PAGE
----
10. A method of producing articles of manufacture having contoured surfaces comprising:

(a) relatively positioning a photographic recording means and an object means to be photographed whereby photographically recordable radiation derived from said object means is received by said recording means;

(b) generating photographically recordable radiation representing the relative contouring of said object means by exposing said object means to photographically recordable radiation;

(c) continuously passing a narrow band of said generated radiation to said recording means;

(d) continuously moving at least one of said object means and said recording means to cause relative movement of the two while maintaining said recording means in radiation receiving relationship to said object means; and

(e) moving a filmstrip past the radiation receiving mechanism of said recording means while simultaneously and continuously exposing said filmstrip to said narrow band of generated radiation;

(f) said relative movement of said object means and said recording means being synchronized with said movement of said filmstrip to produce a continuous recording of at least a portion of said object means substantially greater than the width of said narrow band of generated radiation;

(g) reproducing said continuous photographic recording on a flat sheet of formable material; and

(h) forming said sheet of formable material to conform the contour thereof to the contour of at least a part of an object means having substantially the same contour as the object means photographed.

11. A method in accordance with claim wherein the formable material is a thermoplastic material and the sheet is formed about the object means thermally.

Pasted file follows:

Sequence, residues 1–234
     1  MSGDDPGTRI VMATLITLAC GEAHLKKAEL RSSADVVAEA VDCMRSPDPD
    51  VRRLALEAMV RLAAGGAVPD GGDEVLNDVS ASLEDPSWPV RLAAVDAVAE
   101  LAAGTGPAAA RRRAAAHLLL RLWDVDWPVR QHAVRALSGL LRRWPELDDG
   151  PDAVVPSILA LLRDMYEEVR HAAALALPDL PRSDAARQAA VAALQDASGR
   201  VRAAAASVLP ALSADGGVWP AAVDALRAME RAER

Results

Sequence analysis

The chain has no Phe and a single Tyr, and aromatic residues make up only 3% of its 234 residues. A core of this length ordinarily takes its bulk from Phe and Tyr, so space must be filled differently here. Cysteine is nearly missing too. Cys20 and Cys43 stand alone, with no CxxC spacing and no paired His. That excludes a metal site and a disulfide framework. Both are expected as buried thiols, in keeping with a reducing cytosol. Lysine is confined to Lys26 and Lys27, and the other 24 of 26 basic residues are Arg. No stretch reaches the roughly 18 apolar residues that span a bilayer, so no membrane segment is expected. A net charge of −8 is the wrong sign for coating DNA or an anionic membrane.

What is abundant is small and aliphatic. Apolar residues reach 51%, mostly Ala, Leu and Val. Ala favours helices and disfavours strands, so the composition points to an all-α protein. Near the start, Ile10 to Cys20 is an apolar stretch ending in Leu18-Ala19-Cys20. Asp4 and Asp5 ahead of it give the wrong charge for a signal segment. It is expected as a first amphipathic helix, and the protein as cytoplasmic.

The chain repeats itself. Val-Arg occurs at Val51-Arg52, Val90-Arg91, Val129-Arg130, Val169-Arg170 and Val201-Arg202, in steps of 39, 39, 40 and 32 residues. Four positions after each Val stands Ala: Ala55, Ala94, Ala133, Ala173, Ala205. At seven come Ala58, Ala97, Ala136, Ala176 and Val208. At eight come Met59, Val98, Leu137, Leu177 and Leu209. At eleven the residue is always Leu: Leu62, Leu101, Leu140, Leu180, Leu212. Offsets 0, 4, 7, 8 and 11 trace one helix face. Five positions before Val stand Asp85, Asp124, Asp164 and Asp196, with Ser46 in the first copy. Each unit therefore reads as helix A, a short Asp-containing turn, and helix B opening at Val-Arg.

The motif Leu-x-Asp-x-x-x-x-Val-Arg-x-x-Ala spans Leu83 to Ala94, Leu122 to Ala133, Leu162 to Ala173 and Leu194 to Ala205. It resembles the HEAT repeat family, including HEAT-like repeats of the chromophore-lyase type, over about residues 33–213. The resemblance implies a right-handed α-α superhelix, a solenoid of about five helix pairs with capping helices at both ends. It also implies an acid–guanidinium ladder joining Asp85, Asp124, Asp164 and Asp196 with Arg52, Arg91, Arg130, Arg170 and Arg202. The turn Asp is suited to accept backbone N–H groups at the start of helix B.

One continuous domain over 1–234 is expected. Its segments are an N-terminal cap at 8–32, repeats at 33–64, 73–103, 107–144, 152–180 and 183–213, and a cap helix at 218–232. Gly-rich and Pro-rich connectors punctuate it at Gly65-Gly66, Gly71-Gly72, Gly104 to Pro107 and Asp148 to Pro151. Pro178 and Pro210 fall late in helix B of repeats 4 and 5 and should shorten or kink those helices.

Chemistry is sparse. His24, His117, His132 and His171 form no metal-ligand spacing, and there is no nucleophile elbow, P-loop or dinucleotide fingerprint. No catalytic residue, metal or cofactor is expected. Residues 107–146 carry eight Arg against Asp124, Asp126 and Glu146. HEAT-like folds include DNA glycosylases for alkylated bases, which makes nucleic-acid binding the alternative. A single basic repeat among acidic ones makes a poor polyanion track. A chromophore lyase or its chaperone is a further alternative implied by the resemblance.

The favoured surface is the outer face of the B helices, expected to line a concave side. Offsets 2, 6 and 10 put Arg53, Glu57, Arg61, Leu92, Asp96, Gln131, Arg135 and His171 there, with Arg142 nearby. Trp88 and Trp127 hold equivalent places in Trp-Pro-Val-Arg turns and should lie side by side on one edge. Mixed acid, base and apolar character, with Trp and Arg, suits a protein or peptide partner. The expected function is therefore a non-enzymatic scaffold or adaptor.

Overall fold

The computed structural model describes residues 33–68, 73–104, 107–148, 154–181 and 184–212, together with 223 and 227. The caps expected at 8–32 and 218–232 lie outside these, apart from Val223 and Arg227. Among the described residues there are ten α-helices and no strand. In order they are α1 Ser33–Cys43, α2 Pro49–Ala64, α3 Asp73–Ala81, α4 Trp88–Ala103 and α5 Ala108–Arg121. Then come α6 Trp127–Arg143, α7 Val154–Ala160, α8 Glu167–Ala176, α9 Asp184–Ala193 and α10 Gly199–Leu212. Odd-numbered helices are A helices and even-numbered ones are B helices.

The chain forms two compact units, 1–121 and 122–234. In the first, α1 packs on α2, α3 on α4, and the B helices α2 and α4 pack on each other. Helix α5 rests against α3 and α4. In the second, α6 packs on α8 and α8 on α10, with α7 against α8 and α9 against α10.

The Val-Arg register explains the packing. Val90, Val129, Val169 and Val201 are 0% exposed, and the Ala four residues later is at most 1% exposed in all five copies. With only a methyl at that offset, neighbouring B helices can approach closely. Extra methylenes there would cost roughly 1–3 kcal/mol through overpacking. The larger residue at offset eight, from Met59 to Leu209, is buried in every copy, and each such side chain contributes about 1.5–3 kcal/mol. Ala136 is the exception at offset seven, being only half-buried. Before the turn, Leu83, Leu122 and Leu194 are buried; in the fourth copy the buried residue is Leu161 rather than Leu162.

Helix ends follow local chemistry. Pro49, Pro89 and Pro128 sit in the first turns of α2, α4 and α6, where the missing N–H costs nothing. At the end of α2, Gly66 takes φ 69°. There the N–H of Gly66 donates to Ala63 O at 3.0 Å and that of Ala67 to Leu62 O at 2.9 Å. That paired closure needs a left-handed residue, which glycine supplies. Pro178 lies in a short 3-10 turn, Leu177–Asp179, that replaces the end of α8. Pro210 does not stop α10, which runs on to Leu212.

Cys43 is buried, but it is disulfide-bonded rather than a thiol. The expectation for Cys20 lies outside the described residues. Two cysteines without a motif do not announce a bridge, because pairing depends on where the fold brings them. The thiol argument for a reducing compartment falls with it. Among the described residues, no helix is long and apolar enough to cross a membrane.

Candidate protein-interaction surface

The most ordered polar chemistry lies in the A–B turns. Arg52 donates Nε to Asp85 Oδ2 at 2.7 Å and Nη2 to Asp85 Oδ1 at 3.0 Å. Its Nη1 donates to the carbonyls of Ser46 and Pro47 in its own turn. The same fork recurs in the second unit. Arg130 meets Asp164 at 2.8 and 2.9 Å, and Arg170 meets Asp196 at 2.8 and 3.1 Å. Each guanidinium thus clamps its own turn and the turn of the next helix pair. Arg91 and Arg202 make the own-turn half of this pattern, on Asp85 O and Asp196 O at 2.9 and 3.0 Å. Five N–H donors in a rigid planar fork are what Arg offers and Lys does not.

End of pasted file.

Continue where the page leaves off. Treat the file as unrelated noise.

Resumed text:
12. A method in accordance with claim 10 wherein the photographed object means and the object means about which the sheet of formable material is formed in the same object means.

13. A method of photographically decorating articles of manufacture having contoured surfaces comprising:

(a) relatively positioning a photographic recording means and an object means to be photographed whereby photographically recordable radiation derived from said object means is received by said recording means;

(b) generating photographically recordable radiation 10 representing the relative contouring of said object means by exposing said object means to photographically recordable radiation;

(0) continuously passing a narrow band of said generated radiation to said recording means;

((1) continuously moving at least one of said object means and said recording means to cause relative movement of the two while maintaining said recording means in radiation receiving relationship to said object means;

(e) moving a filmstrip past the radiation receiving mechanism of said recording means while simultaneously and continuously exposing said filmstrip to said narrow band of generated radiation;